Interviews Joseph Walsh

Interview: John Malkovich takes to the Barbican stage

Last weekend saw the opening of The Infernal Comedy: Confessions of a Serial Killer (2010) starring John Malkovich. Loosely speaking, it is a play that merges baroque opera with dialogue telling the autobiographical tale if Austrian serial killer Jack Unterweger. The play has met with critical success and is touring until November when Malkovich will then open with a new work in Paris. Many people are unaware of Malkovich as a stage actor instead recognising him for his blockbuster roles as Cyrus the Virus (Con Air [1997]) or Lennie Small in Of Mice and Men (1992). Malkovich actually cut his teeth on the boards in the 1980s and it was here that director Stephen Frears asked him to play Valmont in the 1988 film Dangerous Liaisons.

Dangerous Liaisons was screened on Saturday at the Barbican as part of their ScreenTalks programme, where actors and directors discuss their work after a screening. Dangerous Liaisons was an important point in Malkovich’s career and make him the public figure many of know today, I would like to say love but Malkovich’s eerie and slightly off putting demeanour hardly inspires love, admiration for his dynamic and powerful roles would be more appropriate.

Malkovich and I met in the Barbican’s Cinema One where we settled down to discuss not just John Malkovich the actor but also John Malkovich the writer, director, producer and fashion designer (check out http://www.technobohemian.it to see his fashion label).

Joe Walsh: You initially began your acting career in theatre and you set up the Steppenwolf theatre group, then following that went on to film so this is something of a return for you with The Infernal Comedy. What is it about theatre that you love more than film?

John Malkovich: It’s living, its ephemeral, reminds me of life, its organic and like life you kind of have to be there. Film does great things but they are other things.

JW: Do you feel film is too detached?

JM: No I wouldn’t go that far, it’s what it is, but the process isn’t really a living process. They [film and theatre] aren’t even cousins but they both have great things. I mean of course it is a shame if you ever do something that is actually ok on stage and that you maybe can’t do it the next night, that’s a shame but that is why it reminds me of life.

JW: You have written, directed and produced throughout your career; do you prefer that element of the industry rather than the acting side?

JM: I like producing but only certain elements of it. I can’t stand to have meetings. I am not so interested in what other people think of it. This is not because of any sense of innate arrogance on my part, although I don’t lack that, but because you have to do it. You have to produce your movie, you have to work with the writer, you have to make sure that the story you are telling is compelling and well written and is something that audience wants to sit through to see the end of it to see how the story works out. So yeah, I enjoy some aspects of producing, but I am not so good at sitting on a set and saying “Hey can we rack the crane!”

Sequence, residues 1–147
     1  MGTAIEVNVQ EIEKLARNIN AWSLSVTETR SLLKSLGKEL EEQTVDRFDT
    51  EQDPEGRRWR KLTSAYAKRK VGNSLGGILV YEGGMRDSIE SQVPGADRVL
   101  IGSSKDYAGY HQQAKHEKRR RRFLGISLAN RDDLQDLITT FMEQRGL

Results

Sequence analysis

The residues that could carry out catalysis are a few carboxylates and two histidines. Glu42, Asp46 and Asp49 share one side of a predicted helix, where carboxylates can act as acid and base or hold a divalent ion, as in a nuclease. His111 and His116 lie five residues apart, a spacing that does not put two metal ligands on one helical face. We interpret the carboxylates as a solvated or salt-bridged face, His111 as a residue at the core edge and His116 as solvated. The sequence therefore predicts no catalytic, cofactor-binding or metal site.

JW: You have directed and produced a lot for both theatre and film, and it seems that these are the elements where you drive lies. It must be a very different process from acting, is it?

JM: Yeah Sure, I mean if you want to make a film, like when I directed a film about 10 or 11 years ago and that took 8 years to make. Where as if I wanted to do the same thing on stage all that would take would be one phone call pretty much to anywhere I wanted to do it. I just don’t have the kind of money to produce films on my own, but I can, at least in some periods of my life, produce a play and the good thing is I don’t have a boss or someone I am responsible to for x amount of money, but for film it costs a lot of money, a lot more than I’ve got.

JW: As well as the acting you also have a great love of Portugal where you have your restaurant come nightclub, and also your fashion brand Technobohemian, what pushed you in those other artistic directions?

JM: I spent a lot of time in Portugal over the years and a couple of gentleman I knew there had a fantastic restaurant I love. One night I over heard them talking to a French footballer so I understood what they were saying. I heard that they had a new project and just said if you ever want an investor call me and a year later they did. But I don’t do it, they are great, I don’t have to do anything except occasionally go and eat fantastic food.

JW: What are you planning next for theatre?

JM: I do this [The Infernal Comedy] and the other opera concurrent with this, it is called The Giacomo Variations, it is about Casanova. I will be doing both all year until the third week of November when I go direct Les Liaisons Dangereuses in Paris and do the costumes design for that.

Joe Walsh